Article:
American Banker: Warren wades into CRA overhaul with revamp plan of her own

American Banker, September 25: Warren wades into CRA overhaul with revamp plan of her own

WASHINGTON — Sen. Elizabeth Warren, D-Mass., on Tuesday threw a new twist into efforts to reform the Community Reinvestment Act. Warren released a bill that would apply CRA requirements to a broader array of institutions and make penalties for tougher for any violations.

Whereas now the law only applies to FDIC-insured banks, both credit unions and nonbank mortgage originators would have to follow CRA requirements under the proposal. Warren’s bill also proposes billions of dollars of new investments into affordable housing trust funds.

The summary of the bill said reductions in investments for lower-income and middle-class housing projects “creates shortages that drive up costs for everyone, produces crumbling and unsafe housing stock in many urban and rural communities, and slows economic growth.”

The bill, called the American Housing and Economic Mobility Act, would also prohibit discrimination on the basis of sexual orientation, gender identity, marital status and source of income, among other things.

Consumer groups have long argued the CRA grades are unclear and lack teeth. Warren’s proposal focuses more on protecting consumers against discrimination, which could create an added layer of enforcement.

“This bill presents a vision for updating the Community Reinvestment Act that places the well-being of communities at the center of it,” said Jesse Van Tol, CEO of the National Community Reinvestment Coalition. “Senator Warren has outlined a broad commitment to safer and more accessible economic opportunity in neighborhoods, communities, cities and rural areas across the country. This legislation should have the support of every fair-minded member of the Senate.”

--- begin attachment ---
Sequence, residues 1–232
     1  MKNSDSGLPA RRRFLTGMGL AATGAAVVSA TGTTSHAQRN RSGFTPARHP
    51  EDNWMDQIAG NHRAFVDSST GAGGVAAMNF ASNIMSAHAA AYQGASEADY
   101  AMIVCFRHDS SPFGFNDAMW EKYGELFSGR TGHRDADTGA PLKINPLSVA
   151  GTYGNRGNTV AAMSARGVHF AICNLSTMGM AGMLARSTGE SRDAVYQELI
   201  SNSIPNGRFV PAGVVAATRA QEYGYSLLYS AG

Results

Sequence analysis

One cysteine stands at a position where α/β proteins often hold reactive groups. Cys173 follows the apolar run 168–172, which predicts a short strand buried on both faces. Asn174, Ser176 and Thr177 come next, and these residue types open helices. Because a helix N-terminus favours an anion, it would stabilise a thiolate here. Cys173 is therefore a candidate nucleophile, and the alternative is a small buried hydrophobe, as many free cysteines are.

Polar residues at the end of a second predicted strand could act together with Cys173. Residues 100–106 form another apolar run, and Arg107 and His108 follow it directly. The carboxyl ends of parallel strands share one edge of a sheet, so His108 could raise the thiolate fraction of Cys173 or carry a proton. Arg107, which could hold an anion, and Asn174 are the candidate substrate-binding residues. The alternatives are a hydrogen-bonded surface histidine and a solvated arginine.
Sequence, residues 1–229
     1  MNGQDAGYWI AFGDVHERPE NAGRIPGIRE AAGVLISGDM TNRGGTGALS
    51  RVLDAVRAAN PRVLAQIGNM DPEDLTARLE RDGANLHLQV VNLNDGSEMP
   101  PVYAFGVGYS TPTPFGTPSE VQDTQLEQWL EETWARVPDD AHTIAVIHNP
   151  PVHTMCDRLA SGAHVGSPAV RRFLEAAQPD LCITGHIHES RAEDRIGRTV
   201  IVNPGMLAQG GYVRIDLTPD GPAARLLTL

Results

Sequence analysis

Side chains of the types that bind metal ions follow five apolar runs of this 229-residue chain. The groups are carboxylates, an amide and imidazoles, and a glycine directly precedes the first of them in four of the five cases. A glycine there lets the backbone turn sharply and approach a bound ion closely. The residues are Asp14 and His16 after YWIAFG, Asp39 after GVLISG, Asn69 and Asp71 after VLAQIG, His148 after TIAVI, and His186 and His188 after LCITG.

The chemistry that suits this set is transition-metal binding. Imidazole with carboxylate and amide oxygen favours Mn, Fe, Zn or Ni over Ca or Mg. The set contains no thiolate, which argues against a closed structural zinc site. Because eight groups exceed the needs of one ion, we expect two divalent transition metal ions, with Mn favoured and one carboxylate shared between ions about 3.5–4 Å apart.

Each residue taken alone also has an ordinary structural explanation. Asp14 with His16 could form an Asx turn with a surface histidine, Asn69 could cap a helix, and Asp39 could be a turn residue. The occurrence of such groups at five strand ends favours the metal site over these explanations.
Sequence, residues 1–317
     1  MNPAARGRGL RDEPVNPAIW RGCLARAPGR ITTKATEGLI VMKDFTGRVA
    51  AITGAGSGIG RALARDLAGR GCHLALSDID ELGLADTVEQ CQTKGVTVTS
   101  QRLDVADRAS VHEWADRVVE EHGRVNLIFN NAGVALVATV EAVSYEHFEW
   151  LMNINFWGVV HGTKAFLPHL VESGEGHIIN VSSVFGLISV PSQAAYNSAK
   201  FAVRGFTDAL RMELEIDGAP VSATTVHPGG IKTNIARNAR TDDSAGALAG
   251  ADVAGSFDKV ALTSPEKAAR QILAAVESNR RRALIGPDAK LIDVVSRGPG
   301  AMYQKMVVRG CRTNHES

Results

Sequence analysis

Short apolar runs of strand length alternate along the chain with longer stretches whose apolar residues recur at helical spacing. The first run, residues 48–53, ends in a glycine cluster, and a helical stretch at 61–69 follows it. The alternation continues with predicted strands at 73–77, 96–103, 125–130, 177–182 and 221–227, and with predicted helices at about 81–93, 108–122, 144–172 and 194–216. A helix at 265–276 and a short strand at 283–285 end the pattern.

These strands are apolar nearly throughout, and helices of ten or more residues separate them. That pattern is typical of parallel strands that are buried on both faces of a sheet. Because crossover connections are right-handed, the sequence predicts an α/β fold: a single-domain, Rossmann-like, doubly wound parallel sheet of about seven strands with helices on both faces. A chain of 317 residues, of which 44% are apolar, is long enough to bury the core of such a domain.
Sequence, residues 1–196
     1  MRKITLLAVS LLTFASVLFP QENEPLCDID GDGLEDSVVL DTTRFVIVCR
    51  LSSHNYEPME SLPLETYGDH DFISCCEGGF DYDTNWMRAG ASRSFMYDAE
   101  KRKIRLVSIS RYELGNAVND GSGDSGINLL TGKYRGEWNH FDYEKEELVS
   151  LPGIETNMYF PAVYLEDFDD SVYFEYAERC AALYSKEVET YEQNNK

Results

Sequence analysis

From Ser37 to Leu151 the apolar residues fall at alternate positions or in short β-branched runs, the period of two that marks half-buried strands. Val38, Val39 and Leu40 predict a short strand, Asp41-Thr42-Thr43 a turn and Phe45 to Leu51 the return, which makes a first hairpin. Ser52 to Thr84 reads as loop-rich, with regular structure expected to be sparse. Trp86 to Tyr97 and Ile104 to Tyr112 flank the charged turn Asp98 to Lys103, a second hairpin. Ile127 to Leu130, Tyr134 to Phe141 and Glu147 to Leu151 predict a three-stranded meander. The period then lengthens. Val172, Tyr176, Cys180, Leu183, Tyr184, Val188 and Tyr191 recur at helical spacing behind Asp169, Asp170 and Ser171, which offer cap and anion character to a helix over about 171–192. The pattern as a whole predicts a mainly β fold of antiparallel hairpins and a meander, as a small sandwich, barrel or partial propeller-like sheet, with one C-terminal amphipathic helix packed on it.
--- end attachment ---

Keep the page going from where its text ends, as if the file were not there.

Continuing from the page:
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Redlining and Neighborhood Health

Before the pandemic devastated minority communities, banks and government officials starved them of capital.

Lower-income and minority neighborhoods that were intentionally cut off from lending and investment decades ago today suffer not only from reduced wealth and greater poverty, but from lower life expectancy and higher prevalence of chronic diseases that are risk factors for poor outcomes from COVID-19, a new study shows.

The new study, from the National Community Reinvestment Coalition (NCRC) with researchers from the University of Wisconsin–Milwaukee Joseph J. Zilber School of Public Health and the University of Richmond’s Digital Scholarship Lab, compared 1930’s maps of government-sanctioned lending discrimination zones with current census and public health data.

Table of Content

  • Executive Summary
  • Introduction
  • Redlining, the HOLC Maps and Segregation
  • Segregation, Public Health and COVID-19
  • Methods
  • Results
  • Discussion
  • Conclusion and Policy Recommendations
  • Citations
  • Appendix

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